For People Crazy About 2D Animation!

Acme Punched! is for people crazy about 2D animation. It may be enjoyed by beginners and others, but it is aimed at animators who know already something about the process of animation and the basics of character animation. In large part, it will attempt to provide a deep look into the problem solving that goes on in my head as I work out a scene, often in step-by-step posts that I will sometimes enter in "real time", without knowing in advance what the outcome will be. Mistakes and false starts will not only be included but emphasized, so that the creative process of animation will be portrayed realistically. And, while my own bias is for 2D drawn animation, many of the effects and principles discussed here can apply to CGI 3D animation as well. I hope the blog will prove useful and instructive for all.

-Jim Bradrick

Thursday, December 27, 2018

No. 177, A Wish for the New Year

At Year's End...

A wish for Peace on Earth, at second thought, is not enough right now. An equally important hope is is for An End to Tyranny, which is on the rise, even in the United States where the man now in the White House wants to be our tyrant.

Sorry.  I try to keep this blog non-political, and yet...

...and yet,


Sunday, December 16, 2018

No. 176, Staging with Perspective

Using Extreme Perspective in Staging, with Notes on Matching Consecutive Shots

Creating a layout with unusual perspective
Just now I am working on a scene that has to match the previous scene closely; the difference between the two is just a matter of "camera" angle on the two characters.

The first scene, 5-24, looked like this in storyboard:

(The female officer is about to draw her service pistol, but the male officer  quickly blocks her move with his hand. She then looks up at him to see his face.)

Then after animation, it looked like this:

The following scene, 5-25, was drawn this way in the storyboard...

(The male officer shakes his head, as if to say: You don't need that here.)

...but this drawing no longer matched the animated version of 5-24, so my problem was to make a layout of 5-25 that looked like a natural change of angle.

I had to imagine and draw a rotation of the crouching woman officer and a corresponding view of the man.  It took me a couple of tries before I got what I was looking for. Note that the perspective is quite close to the storyboard panel above.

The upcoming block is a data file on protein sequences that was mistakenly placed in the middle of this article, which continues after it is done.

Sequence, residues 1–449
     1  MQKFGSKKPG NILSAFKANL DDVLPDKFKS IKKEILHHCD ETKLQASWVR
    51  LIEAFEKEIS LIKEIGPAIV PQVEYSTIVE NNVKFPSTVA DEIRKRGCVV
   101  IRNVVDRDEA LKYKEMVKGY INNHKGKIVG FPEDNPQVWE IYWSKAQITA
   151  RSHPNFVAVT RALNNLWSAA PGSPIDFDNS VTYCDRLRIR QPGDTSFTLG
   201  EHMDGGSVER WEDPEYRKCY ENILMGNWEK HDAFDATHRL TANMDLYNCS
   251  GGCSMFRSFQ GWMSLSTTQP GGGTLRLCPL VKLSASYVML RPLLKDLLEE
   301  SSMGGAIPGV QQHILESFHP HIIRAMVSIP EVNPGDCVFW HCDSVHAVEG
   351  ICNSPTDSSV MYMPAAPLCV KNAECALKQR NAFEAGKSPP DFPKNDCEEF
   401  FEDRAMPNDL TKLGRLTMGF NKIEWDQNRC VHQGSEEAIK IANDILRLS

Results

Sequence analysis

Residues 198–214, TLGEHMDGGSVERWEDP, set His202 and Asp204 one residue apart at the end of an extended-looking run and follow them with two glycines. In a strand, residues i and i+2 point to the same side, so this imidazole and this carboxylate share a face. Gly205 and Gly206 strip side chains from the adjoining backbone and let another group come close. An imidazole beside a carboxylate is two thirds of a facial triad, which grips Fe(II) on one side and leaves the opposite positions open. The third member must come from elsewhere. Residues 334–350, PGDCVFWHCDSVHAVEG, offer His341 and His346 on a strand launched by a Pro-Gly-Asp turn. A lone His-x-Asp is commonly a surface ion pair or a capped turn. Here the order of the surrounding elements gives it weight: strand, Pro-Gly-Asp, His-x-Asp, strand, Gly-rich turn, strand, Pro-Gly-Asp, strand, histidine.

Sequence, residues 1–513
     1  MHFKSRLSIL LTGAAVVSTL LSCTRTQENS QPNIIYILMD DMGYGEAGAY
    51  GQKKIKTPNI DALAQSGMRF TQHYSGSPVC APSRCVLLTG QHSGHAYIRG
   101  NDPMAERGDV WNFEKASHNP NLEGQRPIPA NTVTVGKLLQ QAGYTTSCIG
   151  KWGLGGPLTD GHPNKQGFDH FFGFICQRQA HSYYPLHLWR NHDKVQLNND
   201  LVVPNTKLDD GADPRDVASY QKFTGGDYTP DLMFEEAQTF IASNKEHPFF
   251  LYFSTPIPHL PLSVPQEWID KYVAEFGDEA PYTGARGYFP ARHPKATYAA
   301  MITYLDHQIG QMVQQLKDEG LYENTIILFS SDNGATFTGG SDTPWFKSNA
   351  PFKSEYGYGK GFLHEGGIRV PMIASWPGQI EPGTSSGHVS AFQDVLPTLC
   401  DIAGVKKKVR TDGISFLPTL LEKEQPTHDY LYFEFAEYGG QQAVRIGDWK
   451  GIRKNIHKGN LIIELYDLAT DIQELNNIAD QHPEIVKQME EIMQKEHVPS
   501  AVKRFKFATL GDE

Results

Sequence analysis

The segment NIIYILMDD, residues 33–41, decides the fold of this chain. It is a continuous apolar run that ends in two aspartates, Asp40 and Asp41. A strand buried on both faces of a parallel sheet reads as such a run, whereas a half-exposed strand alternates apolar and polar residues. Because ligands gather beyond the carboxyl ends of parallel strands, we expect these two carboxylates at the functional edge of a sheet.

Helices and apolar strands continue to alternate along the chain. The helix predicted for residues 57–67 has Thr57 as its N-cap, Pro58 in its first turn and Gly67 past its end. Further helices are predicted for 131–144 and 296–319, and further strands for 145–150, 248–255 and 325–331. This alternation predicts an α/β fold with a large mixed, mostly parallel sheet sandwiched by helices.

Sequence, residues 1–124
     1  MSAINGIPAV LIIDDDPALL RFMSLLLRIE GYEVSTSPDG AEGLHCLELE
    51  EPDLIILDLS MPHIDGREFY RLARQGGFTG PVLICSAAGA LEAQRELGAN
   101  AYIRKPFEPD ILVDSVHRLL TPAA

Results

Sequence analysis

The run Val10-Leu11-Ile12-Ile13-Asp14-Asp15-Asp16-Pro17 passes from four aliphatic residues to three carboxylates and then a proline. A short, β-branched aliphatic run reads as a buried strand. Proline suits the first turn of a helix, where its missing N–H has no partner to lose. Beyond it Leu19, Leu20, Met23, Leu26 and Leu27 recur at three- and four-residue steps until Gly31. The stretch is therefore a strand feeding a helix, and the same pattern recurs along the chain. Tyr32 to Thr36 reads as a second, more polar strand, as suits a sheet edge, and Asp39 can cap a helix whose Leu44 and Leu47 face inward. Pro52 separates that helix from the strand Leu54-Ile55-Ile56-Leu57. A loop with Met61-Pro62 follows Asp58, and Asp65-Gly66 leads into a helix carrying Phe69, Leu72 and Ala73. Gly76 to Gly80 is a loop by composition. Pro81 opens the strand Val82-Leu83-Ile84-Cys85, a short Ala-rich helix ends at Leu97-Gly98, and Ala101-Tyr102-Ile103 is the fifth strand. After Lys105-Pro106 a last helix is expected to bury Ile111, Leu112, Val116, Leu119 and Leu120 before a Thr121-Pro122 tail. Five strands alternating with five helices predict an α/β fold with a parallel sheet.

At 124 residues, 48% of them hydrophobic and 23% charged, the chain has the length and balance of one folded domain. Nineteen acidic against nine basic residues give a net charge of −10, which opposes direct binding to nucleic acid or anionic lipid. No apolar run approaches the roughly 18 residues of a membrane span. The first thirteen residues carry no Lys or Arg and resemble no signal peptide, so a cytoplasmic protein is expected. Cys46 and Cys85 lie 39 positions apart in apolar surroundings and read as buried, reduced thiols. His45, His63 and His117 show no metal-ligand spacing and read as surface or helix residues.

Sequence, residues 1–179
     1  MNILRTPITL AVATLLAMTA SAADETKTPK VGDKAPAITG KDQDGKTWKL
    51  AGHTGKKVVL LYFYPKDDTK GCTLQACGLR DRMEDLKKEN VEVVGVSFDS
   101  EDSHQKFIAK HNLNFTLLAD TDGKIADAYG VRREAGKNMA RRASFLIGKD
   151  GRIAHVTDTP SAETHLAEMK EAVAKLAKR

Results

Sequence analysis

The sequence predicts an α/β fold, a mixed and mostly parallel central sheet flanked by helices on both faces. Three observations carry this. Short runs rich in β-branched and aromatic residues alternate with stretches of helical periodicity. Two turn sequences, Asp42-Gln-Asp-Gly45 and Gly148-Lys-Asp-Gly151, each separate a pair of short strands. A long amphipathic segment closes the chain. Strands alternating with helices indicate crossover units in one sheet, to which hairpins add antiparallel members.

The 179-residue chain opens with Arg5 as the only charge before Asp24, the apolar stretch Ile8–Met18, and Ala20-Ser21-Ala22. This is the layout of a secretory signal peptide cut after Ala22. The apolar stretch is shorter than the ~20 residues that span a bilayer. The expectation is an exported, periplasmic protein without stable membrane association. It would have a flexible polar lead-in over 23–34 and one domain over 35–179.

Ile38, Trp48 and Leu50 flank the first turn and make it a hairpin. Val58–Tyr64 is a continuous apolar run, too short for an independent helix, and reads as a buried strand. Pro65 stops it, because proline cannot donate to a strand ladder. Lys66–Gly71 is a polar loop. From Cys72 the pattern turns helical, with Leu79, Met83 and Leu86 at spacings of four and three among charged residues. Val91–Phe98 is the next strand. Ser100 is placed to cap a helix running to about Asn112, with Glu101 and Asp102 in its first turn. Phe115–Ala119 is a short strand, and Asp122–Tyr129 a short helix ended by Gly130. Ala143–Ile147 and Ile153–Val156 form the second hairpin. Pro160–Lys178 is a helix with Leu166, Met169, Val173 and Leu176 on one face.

The version on the right was what I felt I needed. Though the final layout was to be a closeup, this long shot showing the characters' full poses was important for understanding how the heads and shoulders should be positioned. Note the faint perspective lines behind the two figures.

From here it was a simple job to do the closeup layout. In the end what is important is the eye contact between the two characters, but getting the poses right helps to make a convincing and dramatic shot.

The final layout for scene 5-25.

Wednesday, December 5, 2018

No. 175, Going To and Fro

In animation, sometimes a character moves, then returns to her original pose. Most obviously it happened all the time in games animation a few years ago, where a character always had what was called a root position. With the increased complexity of computer gaming animation nowadays, it probably isn't so important, but back then whether a character took just one step or ran and chopped with her sword, the animator always had to add the frames that got his character back to the root.

And when you have to animate something like that, you will always ask yourself what it would look like if you just ran the to drawings in reverse, so you wouldn't have to do any fro drawings.  Because you are always looking for ways to economize on drawings, right? Unfortunately, the answer is usually no; it won't look good.

When it comes to animating the whole figure, this just about goes without saying. Running the drawings backwards will just look like running the drawings backwards, and not like anything natural at all.

What about a head turn?  Yes, it can work, if certain conditions are right.

Here is an example that just came off my disc this week:

This man is looking off to the left of the screen.  For a moment, he turns his head to look to screen right, holds, and then returns to his original position exactly. I filmed it with two repeats in this pencil test so that you can observe it carefully.

It works because there is nothing in the head that is subject to drag or follow-through. (If the man had long hair, you would have both drag and follow-through.)

It works because what he sees when he looks to the right does not cause a change in expression or demeanor. (If he saw something that startled him, it is doubtful that he would return to his original pose afterwards.)

It works because the blink in the middle of the move works in either direction.

Yes, and yet I did do something to make the return different from the original move: I added three more inbetweens to the return move, six frames that were just enough to show a slower rate of speed.

*    *    *
And did you notice a drawing error in this pencil test?  I did; the hair on the side plane of his head should look narrower after he turns to screen right, but it doesn't. My bad! as they used to say.  But I have now fixed the drawings.